The Black Elk Wilderness lies in the Custer, Hill City and Iron Mountain USGS Quads. Good maps for the Black Elk Wilderness would include the National Geographic Black Hills South map, as well as the free map from the Black Hills National Forest, called "Black Elk Wilderness and Norbeck Wildlife Preserve".
The Black Elk Wilderness has quite a few great trails. Many are situated so that one can form loops or use them to access peaks. They are all well-maintained, and few are ever crowded. If you prefer solitude, Trail 9 south from Sylvan Lake to Black Elk Peak would not suit your interest. There are alternate routes to reach the summit of Black Elk Peak. Here is a list of the major trails in this wilderness:
# 2 Lost Cabin Trail - 5 miles
# 3 Norbeck Trail - 6.3 miles
# 4 Little Devils Tower/Black Elk Peak - 3 miles
# 5 Willow Creek/Rushmore Trail - 1.9 miles
# 7 Grizzly Bear Trail - 6.3 miles
# 8 Willow Creek Loop - 2.8 miles
# 9 Black Elk Peak North - 4.7 miles
# 9 Black Elk Peak South - 3.6 miles
# 14 Horsethief Lake Trail - 2.7 miles
# 15 Iron Creek Trail - 2.4 miles
# 16 Iron Mountain Trail - 1.4 miles
# 89 Centennial Trail - 8.9 mile section of the 111-mile trail
# 89B - Centennial Bypass - 1.7 miles
Note: Some of these trails are partly in Custer State Park, but are also in the Black Elk Wilderness. Other trails, such as # 6 Sunday Gulch Trail, the Blackberry Trail, Little Devils Tower Spur, Sylvan Lakeshore Trail, and the Cathedral Spires Trail, are all nearby, but not actually in the the Black Elk Wilderness.
Rock climbers will find many challenges in this whole area. Daryl Stisser, at the Sylvan Rocks Climbing School, advises that no one is currently permitted to guide climbing in the wilderness. So, climbing here is probably best left to those who are either already familiar with the area, or those with great expertise, who can accurately evaluate opportunities.
Beginners and those relatively new to rock climbing will find a much more constructive approach by contacting the Sylvan Rocks Climbing School which operates in the area next to the Black Elk Wilderness and elsewhere in the Black Hills. Free trail maps are available at the ranger office and the forest service supervisor's office in Custer. These offices also have some individual trail maps available.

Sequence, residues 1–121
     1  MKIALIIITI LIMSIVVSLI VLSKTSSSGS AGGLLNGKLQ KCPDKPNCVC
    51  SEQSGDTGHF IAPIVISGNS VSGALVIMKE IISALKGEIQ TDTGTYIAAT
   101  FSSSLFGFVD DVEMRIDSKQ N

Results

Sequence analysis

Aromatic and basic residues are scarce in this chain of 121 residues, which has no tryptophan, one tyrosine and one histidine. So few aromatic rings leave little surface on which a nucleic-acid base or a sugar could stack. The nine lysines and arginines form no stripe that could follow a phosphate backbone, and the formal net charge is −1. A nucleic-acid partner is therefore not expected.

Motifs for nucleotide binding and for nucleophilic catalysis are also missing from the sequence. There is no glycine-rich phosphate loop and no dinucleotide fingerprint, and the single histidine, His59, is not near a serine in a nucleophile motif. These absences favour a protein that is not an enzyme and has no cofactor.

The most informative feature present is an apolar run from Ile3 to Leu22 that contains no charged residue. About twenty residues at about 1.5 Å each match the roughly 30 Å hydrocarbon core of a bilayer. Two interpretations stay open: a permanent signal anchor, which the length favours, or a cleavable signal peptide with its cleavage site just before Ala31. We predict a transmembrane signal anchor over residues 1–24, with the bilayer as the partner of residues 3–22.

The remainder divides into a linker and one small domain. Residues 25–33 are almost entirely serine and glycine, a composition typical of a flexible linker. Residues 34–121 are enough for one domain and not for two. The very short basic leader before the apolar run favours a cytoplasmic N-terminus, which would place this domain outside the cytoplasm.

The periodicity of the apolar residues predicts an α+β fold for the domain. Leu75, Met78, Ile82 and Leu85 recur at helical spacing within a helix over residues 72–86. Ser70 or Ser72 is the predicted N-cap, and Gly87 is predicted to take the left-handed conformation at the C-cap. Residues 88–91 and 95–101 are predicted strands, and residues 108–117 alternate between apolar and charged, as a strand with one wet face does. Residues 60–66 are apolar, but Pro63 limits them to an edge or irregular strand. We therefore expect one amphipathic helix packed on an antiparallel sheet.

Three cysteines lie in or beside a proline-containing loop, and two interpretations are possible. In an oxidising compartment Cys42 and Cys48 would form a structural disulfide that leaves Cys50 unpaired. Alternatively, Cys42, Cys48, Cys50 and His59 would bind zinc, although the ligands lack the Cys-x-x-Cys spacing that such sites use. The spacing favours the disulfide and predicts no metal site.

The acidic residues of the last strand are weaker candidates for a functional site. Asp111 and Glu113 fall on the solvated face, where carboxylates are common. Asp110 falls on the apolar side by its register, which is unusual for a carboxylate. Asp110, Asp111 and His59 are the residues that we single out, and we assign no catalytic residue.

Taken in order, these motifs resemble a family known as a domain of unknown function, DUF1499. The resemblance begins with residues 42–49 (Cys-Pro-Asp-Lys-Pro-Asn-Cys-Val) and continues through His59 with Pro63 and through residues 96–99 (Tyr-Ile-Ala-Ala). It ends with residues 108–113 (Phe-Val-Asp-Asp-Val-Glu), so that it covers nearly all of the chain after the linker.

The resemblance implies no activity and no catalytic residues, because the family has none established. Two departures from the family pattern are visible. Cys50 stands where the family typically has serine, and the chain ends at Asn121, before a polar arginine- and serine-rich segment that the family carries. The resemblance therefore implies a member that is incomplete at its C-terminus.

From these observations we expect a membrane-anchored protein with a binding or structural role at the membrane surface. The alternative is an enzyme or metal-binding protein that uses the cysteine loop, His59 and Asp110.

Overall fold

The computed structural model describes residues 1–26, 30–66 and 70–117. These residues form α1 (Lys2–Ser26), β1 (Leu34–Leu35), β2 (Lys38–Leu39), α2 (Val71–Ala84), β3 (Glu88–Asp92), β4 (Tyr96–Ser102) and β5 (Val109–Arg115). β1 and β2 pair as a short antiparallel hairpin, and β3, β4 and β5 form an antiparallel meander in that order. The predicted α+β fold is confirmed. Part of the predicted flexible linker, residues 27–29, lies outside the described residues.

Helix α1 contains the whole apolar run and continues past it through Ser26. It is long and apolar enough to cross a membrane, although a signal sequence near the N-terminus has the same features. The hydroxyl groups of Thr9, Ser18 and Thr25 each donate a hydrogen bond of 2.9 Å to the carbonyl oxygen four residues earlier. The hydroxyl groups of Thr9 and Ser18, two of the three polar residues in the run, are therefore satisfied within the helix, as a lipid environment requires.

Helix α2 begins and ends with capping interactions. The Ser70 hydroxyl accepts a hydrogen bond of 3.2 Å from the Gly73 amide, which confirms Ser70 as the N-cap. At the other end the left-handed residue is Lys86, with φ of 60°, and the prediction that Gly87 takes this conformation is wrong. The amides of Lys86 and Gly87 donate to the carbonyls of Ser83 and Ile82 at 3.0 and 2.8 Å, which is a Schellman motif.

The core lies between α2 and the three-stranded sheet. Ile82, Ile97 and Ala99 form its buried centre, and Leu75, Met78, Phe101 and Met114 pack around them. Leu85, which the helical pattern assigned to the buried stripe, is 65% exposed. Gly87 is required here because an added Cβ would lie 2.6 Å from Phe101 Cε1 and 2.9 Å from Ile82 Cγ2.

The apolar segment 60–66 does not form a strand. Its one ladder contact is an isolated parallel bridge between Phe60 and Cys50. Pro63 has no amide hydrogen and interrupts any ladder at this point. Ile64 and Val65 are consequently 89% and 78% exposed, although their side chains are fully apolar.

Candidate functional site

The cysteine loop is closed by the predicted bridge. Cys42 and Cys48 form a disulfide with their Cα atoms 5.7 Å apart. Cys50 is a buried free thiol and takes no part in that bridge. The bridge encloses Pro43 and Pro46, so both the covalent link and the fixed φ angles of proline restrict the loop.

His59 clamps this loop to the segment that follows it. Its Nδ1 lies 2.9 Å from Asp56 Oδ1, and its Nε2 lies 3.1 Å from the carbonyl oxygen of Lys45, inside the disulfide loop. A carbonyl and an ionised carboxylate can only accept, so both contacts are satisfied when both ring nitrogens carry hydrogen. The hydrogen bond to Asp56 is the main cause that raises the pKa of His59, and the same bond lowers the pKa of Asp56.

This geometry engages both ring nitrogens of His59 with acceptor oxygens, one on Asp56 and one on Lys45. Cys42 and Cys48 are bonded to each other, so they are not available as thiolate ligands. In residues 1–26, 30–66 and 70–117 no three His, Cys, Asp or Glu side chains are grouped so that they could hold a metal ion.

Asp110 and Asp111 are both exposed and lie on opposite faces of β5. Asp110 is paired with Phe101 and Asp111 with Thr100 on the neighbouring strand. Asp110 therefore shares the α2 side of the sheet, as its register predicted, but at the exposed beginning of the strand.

At just over 13,000 acres, this is not a huge wilderness area. Nevertheless, there are still risks to hikers and climbers. Summer storms can bring hail and lightning. Heat can bring dehydration, while winter cold can threaten with hypothermia. T
Ticks, though small, can carry Lyme disease or Rocky Mountain Spotted Fever. Poison Ivy is found in the hills, particularly along streams. Mountain lions are occasionally seen in the hills, though rarely threaten humans. Rattlesnakes exist in the hills but are not often seen. If bitten, please seek medical attention as soon as is possible.
Long ago, there were gold mines in the area. There are no comprehensive maps to show where they all are. So, the wise visitor will stay out of them and watch out for both the horizontal and vertical entrances - sometimes covered by rotten old planks.
And, of course there is always the risk of getting lost. That usually happens after dark, in storms, hiking off-trail, or when people do not check out good maps to make sure they know where they are at and where they should be going. Because of the rocky and steep terrain, it is a mistake to assume cell phones will work in the wilderness. Solo hikers should not assume a cell phone will get them out of a bad situation. Please plan your trip in the Black Elk Wilderness wisely, and then enjoy this fantastic area!
The National Forest Service manages the wilderness through the Hell Canyon Ranger District (605) 673-9200. You can get more wilderness information online, including maps at:
Wilderness.net also posts information about the Black Elk Wilderness at: Wilderness.net
Area Camping, Lodging & Dining Options: